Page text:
Taxpayers risk losing Sh3.84bn in KNH project


Seven Seas Technologies CEO Michael Macharia when he appeared before the Senate on November 18, 2019. PHOTO | DIANA NGILA

The Health ministry is on the spot for a stalled hospital data centre project under a contract in which the taxpayer risks losing billions of shillings.

The Sh4.8 billion was awarded to Seven Seas Technologies in October, 2017, to link 121 hospitals with Kenyatta National Hospital (KNH) to help track patients seeking specialised treatment. The central hospital registry was also meant to track pharmacy and laboratory information from all the hospitals.

The Senate heard Monday that the ministry not only barred Seven Seas Technologies from putting up the facility “until KNH inspects it”, but also failed to provide a letter of support that a local bank required to release Sh1.8 billion for project costs.

Under the contract, taxpayers stand to lose Sh3.84 billion or 80 percent of the total contract value as compensation to Seven Seas Technologies should the State terminate the deal.

The data centre is part of a project where the State has contracted five firms to lease theatre equipment, renal kits, ICU equipment and radiology kit to counties for ailments such as cancer and diabetes.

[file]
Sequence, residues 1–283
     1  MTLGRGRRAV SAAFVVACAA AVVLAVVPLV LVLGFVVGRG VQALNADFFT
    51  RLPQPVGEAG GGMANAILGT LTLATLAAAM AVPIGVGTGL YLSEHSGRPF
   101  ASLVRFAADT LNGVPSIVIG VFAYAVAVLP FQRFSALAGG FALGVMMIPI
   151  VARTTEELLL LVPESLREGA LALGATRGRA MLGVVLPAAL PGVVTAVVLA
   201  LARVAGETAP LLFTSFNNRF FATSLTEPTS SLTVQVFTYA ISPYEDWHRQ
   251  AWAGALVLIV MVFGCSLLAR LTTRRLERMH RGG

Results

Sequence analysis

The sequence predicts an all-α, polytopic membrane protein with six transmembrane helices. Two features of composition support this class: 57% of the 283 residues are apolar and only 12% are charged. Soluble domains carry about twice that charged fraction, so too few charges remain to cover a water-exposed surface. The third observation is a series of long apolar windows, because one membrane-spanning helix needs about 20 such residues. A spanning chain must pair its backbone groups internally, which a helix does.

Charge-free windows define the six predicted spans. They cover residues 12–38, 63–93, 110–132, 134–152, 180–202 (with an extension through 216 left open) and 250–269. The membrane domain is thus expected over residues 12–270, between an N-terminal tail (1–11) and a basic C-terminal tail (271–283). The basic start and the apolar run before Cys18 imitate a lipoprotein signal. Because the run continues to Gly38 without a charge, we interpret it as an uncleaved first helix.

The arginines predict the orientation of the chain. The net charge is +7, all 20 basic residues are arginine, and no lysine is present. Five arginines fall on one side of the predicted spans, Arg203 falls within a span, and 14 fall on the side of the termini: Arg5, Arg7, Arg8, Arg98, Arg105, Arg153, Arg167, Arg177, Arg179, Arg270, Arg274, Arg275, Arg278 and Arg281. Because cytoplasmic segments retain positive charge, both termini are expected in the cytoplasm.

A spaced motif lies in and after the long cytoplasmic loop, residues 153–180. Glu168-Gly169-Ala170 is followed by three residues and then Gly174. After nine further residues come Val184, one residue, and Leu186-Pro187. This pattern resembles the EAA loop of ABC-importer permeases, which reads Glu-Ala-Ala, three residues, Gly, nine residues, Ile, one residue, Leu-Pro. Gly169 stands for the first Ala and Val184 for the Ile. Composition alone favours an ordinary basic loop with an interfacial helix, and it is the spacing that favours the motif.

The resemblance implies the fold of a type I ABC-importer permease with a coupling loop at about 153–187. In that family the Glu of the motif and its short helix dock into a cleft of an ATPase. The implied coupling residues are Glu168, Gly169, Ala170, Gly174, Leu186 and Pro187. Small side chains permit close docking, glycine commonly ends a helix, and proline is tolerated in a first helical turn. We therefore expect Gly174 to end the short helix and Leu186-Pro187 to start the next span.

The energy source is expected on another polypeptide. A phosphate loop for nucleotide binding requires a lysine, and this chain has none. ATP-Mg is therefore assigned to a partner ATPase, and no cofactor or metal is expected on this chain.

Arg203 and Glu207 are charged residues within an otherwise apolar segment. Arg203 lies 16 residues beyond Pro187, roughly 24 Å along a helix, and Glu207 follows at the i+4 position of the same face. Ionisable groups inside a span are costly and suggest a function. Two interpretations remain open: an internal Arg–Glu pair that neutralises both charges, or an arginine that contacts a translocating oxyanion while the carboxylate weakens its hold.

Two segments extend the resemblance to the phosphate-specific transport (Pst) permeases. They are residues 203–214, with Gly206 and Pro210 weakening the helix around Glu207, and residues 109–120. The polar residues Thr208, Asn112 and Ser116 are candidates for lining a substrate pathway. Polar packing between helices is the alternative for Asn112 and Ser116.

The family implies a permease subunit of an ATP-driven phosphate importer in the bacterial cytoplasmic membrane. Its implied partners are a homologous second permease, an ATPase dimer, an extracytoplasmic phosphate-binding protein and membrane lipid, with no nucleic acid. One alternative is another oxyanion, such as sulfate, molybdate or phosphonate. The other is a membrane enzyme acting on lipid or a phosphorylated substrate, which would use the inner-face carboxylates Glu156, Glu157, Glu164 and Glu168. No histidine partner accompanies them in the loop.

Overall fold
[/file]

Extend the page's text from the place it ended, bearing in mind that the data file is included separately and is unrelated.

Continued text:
“This is to inform you not to proceed with any installation of any ICT accessories, equipment or network data cables at KNH and other facilities without inspection by the MESIC team and KNH Hospital implementation committee,” Health Principal Secretary Susan Mochache said in the letter seen by Business Daily.

“The ministry has sought some clarifications from the Attorney- General, in regard to the contract, it is therefore prudent that you wait for further communication from this office,” added the letter.

Appearing before the Senate committee probing the programme, Seven Seas chief executive officer Antony Macharia said they were at a cross-roads, with equipment worth over Sh250 million meant for the data centre lying at the port of Mombasa since January, last year.

“I get the feeling that we are on our own but we have invested Sh650 million in the project. It looks like the ministry has moved on. The buck stops with the person who heads the ministry, Cabinet Secretary Kariuki and the PS,” Mr Macharia told Senators.

This is the latest twist in the project that started in 2015 as a majority of the specialised medical equipment lie idle at the hospitals on lack of electricity and water.